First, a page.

Handles fitted on top of the pontoons at the stern are an aid to controlling the boat in the surf and double as tie-off points. The stern bench seat is divided in two by an aluminium unit that combines the engine bracket, transom bracing and battery box container, with isolation switching built in. Platforms are fitted over the stern, each side of the engine.

Fishin’ fittin’s

The stability of the pontoon configuration, added to the Nautilex decking and reasonably high sides, make for a decent fishing platform for a boat of this size. Mike and I stopped for a quick softbait fish and had no problems standing and walking around the cockpit while casting

Four rod holders had been fitted: two plastic ones through the stern seats, along with two chromed metal models on the transom. The latter were in a nicely protected spot for storing the rods while travelling, while the plastic ones, on the outside, are more separated and angled, so better for holding a bait rod while at anchor or dragging a bait or lure. Of course, there are a wide range of aftermarket rod holders that could be fitted as well.

The catch could be stored in the under-deck hold or aftermarket ice box. A bait-board could be made to fit over the top of the battery compartment. This is a basic fishing fit-out, but is all that is needed for a lot of day fishing or inshore diving applications (a boarding ladder could be a useful addition for the second scenario).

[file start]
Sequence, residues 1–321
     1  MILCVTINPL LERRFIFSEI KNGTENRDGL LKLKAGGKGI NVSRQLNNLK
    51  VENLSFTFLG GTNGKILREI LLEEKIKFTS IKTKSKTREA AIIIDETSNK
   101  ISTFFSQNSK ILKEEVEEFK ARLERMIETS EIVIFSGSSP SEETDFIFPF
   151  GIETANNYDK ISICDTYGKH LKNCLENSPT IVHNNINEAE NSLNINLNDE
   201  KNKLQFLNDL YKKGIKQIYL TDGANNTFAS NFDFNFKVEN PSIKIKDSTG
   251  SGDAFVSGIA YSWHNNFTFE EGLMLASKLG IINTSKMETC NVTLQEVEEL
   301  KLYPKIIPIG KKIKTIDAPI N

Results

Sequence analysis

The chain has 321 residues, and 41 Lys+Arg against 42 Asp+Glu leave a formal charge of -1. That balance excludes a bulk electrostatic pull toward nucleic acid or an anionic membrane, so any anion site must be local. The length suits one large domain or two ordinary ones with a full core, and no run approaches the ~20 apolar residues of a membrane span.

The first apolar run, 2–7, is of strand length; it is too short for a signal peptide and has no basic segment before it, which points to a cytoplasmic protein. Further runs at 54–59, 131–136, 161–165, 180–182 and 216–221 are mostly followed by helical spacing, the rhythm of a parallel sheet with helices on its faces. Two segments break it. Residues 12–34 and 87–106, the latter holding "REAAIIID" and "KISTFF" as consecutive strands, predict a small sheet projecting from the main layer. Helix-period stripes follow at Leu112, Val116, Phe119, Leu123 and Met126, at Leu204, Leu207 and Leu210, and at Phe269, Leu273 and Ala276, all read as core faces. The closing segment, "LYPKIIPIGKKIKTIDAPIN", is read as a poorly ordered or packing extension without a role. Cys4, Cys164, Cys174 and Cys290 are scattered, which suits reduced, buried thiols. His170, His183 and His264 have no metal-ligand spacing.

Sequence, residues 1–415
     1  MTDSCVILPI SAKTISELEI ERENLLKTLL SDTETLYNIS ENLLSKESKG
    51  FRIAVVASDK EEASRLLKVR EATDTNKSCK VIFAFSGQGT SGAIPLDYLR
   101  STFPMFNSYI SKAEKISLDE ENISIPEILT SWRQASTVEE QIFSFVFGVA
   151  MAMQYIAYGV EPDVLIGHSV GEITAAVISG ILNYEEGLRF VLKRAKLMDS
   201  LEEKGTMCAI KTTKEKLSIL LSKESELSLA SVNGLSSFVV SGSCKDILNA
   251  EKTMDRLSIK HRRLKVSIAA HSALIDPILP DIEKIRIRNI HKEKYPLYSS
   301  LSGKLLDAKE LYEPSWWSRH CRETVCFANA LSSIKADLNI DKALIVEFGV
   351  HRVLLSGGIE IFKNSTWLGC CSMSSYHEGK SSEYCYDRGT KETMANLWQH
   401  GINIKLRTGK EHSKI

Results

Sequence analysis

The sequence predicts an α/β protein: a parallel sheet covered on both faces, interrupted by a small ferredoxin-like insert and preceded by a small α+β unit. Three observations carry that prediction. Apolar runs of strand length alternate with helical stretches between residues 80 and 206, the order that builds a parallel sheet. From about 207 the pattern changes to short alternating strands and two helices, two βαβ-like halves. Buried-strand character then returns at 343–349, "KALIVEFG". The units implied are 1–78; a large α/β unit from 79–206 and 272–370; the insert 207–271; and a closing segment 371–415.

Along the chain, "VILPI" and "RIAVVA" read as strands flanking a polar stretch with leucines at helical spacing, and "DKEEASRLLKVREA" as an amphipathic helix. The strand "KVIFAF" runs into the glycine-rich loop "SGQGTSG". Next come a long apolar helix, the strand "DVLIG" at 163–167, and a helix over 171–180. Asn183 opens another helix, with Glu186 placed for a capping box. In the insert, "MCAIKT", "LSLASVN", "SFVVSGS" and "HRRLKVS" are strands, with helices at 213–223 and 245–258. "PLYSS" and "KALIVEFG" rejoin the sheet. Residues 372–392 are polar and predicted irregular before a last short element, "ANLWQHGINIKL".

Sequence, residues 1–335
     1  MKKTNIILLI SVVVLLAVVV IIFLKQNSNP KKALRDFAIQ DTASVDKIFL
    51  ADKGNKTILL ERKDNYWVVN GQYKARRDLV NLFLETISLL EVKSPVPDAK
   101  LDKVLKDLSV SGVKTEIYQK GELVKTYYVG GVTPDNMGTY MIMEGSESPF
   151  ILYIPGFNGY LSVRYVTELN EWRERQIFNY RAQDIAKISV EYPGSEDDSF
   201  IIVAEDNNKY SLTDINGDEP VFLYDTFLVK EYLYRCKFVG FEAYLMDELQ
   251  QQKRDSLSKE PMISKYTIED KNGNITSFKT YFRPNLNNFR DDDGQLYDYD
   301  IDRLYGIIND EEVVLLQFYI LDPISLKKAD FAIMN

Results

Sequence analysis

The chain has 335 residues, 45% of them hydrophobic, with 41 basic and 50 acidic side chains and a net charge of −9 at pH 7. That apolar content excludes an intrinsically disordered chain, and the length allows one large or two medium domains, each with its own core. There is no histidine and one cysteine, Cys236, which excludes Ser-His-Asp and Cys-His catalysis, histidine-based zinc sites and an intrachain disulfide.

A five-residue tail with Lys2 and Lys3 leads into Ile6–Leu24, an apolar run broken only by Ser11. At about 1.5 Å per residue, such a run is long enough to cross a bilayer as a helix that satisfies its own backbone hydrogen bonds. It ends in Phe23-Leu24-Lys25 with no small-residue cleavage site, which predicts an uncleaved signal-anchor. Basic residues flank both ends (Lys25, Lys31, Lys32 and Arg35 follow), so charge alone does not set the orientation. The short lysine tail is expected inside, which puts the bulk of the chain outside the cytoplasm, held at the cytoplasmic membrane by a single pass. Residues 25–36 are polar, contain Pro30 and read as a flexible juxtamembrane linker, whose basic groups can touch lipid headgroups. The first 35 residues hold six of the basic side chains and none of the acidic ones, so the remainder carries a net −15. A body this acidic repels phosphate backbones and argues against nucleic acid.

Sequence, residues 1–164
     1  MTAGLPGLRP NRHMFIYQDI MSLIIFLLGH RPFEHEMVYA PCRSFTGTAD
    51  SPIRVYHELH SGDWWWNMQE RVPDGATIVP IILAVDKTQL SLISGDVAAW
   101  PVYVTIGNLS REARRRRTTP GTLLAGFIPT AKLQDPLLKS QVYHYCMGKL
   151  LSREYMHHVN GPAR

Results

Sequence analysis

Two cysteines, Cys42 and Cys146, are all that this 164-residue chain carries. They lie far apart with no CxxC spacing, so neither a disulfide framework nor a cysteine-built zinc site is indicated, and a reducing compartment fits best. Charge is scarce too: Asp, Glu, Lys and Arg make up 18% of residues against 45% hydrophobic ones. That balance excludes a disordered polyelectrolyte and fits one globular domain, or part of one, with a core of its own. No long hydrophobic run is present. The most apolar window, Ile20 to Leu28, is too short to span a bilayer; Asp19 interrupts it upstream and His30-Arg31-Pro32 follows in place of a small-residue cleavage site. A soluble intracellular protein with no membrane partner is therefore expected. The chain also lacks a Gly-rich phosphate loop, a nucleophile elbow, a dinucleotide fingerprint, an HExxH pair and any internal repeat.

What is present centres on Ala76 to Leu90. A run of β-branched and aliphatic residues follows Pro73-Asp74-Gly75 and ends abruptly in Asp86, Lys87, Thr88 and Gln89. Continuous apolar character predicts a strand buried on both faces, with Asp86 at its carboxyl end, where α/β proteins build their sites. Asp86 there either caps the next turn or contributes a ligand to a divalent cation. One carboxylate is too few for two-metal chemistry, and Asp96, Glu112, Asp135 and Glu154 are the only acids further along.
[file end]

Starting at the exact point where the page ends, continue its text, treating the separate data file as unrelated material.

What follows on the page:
Upon first sighting the boat, my immediate thought was that it would be a great trout-trolling boat for the lakes. The polyethylene material doesn’t suck the heat out of you as alloy does in the winter, and the canopy provides lots of shelter – ideal for stooging around the lake, harling or trolling, with a warming drink to ward off the colder weather. It would be good for jigging or fly casting, too.

However, I believe the new owner intends to use this boat for fishing Tauranga Harbour – another well-suited role, with Mac Boats being great for shallow water stealth fishing due to their quietness (I owned a Mac 360 for over 10 years and found it to be excellent in the ‘skinny water’).

Back on the road again…

The Mac 470 is carried on a Roadking trailer, a single-axle cradle A-frame design with zinc-protected leaf-spring suspension. It does not have rollers, using four benches with polyethylene skids instead. It is fitted with submersible LED lights, a wind-down jockey wheel, and a dual-ratio manual winch. Tow weight for the rig is around 600kg.

Polyethylene, as a boat-building material, is pretty useful. It is very robust, UV resistant, colour-fast right through, quiet in the water, easily repaired, low maintenance, and inherently buoyant – even before taking the foam fill into account. The 470 certainly makes the most of these qualities, and overall is a decent size for freshwater and inshore coastal fishing and diving, but still cheap to run and easy to power. With its pontoon configuration it is stable, safe and sea-kindly – a great boat.  

 

   This article is reproduced with permission of   
New Zealand Fishing News

October 2016 - By Sam Mossman
Re-publishing elsewhere is prohibited